I was just reading about a tripropellent rocket engine that apparently passed all tests and was ready for flight before the program was cancelled in the early 90's. The engine was the RD-701 for the MAKS spaceplane program. It used kerosene and liquid oxygen before switching to liquid hydrogen.
So I'm now thinking about tripropellant jet engines. If we had a small tank of liquid hydrogen to either mix with the regular jet fuel or replace it for a short while, would this viably improve fuel economy for large commercial airplanes?
(I've heard that jet engines can easily run on almost anything that burns, so presumably it would be easy to get a jet running on hydrogen. Correct me if I'm wrong.)
There are many types of efficiencies, so let me be clear about which one I'm interested in: Fuel economy, as in miles per passenger-gallon.
Let's ignore any logistics on the ground about obtaining and storing the hydrogen. However, storage aboard the airplane itself should certainly be considered and might be a very detrimental factor, as might flammability. I'm pretty sure we would at least need double-walled, vacuum insulated tanks to let us store that hydrogen throughout the flight. They might be twice as heavy as normal tanks.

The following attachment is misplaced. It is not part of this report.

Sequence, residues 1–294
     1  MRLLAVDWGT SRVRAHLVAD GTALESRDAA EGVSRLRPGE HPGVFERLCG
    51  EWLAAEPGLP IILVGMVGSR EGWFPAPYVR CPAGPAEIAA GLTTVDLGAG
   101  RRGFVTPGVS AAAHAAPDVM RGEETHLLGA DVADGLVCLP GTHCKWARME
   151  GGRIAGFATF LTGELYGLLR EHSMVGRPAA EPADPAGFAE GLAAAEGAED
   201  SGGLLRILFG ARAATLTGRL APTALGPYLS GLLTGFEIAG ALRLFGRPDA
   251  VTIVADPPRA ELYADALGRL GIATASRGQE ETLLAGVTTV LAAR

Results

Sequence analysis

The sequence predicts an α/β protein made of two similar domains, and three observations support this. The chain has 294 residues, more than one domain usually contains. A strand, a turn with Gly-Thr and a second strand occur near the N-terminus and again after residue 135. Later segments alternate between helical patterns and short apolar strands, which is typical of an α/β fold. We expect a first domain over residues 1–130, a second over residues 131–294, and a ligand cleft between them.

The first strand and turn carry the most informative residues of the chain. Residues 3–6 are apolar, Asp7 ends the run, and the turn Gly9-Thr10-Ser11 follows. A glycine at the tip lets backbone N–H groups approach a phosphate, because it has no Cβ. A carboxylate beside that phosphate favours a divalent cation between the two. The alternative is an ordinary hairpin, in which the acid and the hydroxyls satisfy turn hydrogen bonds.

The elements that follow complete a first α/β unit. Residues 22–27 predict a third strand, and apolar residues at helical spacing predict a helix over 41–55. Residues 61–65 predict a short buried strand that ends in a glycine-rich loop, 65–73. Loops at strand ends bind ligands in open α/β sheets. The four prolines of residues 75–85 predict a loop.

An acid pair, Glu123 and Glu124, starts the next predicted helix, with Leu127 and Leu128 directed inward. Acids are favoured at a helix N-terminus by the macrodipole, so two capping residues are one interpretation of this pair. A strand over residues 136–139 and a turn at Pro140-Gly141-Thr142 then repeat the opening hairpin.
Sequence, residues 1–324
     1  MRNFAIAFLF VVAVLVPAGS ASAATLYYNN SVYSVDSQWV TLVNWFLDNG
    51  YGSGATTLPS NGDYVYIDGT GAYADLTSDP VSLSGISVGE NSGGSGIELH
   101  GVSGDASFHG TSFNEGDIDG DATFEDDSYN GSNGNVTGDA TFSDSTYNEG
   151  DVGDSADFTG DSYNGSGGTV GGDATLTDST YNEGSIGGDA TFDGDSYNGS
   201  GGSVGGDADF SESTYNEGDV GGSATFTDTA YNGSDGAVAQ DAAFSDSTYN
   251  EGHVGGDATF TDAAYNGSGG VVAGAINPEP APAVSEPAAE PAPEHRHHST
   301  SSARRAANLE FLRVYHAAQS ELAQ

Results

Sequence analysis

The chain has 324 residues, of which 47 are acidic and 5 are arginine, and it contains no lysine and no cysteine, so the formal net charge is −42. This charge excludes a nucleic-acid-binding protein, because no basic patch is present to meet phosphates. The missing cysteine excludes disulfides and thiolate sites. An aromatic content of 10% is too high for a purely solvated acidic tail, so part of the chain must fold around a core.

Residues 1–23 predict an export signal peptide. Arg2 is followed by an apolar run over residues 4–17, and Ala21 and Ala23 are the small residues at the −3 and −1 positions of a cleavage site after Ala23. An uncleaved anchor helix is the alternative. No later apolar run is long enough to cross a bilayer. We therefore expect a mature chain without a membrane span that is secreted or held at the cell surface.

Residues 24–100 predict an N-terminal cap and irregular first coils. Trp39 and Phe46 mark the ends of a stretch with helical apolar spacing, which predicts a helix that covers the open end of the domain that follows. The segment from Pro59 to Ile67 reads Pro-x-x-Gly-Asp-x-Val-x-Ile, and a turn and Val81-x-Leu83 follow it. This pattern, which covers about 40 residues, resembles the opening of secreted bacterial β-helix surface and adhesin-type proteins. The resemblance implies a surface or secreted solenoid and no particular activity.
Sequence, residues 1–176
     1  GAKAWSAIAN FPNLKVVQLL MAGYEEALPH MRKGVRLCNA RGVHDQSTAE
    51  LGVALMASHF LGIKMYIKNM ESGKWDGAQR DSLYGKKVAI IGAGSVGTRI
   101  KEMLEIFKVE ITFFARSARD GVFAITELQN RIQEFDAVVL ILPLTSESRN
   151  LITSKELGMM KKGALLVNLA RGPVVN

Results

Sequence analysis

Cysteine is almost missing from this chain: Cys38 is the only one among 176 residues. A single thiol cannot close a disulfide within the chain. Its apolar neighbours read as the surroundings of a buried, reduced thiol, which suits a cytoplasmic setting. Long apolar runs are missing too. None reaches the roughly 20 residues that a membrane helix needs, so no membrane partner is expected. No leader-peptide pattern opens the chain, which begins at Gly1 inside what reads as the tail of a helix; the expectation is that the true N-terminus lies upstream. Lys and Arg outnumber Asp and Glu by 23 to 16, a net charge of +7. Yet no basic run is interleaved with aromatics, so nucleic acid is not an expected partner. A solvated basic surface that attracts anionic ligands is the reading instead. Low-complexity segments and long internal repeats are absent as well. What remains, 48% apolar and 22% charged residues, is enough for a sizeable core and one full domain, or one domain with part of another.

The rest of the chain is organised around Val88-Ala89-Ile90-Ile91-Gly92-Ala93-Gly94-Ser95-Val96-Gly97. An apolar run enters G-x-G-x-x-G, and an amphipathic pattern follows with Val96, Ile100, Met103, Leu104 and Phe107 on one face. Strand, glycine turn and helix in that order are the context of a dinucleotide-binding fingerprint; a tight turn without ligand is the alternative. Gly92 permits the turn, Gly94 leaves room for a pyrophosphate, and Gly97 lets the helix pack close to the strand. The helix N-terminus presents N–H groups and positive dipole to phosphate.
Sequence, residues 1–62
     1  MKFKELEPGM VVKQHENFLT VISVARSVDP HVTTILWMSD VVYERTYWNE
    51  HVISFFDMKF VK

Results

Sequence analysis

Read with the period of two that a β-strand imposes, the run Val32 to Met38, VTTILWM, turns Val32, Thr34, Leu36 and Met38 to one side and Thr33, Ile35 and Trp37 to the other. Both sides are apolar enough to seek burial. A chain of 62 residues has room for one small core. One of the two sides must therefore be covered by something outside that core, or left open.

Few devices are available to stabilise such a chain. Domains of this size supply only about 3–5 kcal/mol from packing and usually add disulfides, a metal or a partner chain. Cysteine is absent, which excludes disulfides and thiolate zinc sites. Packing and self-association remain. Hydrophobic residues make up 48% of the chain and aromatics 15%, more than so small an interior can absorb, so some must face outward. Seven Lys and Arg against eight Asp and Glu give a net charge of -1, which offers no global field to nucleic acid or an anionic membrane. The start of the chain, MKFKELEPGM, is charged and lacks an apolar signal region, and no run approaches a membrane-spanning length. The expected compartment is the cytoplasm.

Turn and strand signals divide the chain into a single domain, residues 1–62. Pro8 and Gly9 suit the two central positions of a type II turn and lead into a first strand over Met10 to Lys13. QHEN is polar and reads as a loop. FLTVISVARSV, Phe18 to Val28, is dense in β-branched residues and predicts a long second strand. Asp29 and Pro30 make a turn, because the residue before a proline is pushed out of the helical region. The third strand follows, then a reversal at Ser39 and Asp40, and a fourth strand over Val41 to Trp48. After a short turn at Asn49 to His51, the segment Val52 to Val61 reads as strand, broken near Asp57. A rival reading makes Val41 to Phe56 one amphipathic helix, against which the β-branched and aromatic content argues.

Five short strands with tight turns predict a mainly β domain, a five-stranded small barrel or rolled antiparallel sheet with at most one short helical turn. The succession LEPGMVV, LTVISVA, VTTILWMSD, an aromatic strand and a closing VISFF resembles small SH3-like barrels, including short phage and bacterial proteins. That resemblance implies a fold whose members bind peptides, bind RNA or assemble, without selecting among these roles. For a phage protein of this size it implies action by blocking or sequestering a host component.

If you know anything about hydrogen, its chemical energy (per mass) is greater than gasoline....by a factor of 3 IIRC. The Lower Heating Values are around 120 versus 40. So we might all ask why not just use liquid hydrogen in everything and what is taking so long? Well apart from cryogenic considerations, it's not very dense at all. We would need a huge tank maybe even bigger than the airplane itself to store the necessary hydrogen, even tho that huge volume of hydrogen would still weigh less than the necessary jet fuel.
I think the idea of tripropellant engines is to allow some hydrogen with a not-so-overwhelming tank. The tank would only be as big as we can reasonably handle. Therefore we use some hydrogen to get a bonus in fuel economy.
P.S. I'm not really asking this from a "green" perspective. Hydrogen and oxygen burn to form pure water exhaust, which sounds so harmless, but water vapor is actually a very potent greenhouse gas, much more potent than CO2 molecule-for-molecule---especially when released at high altitudes. I'm asking this purely from a fuel-economy standpoint.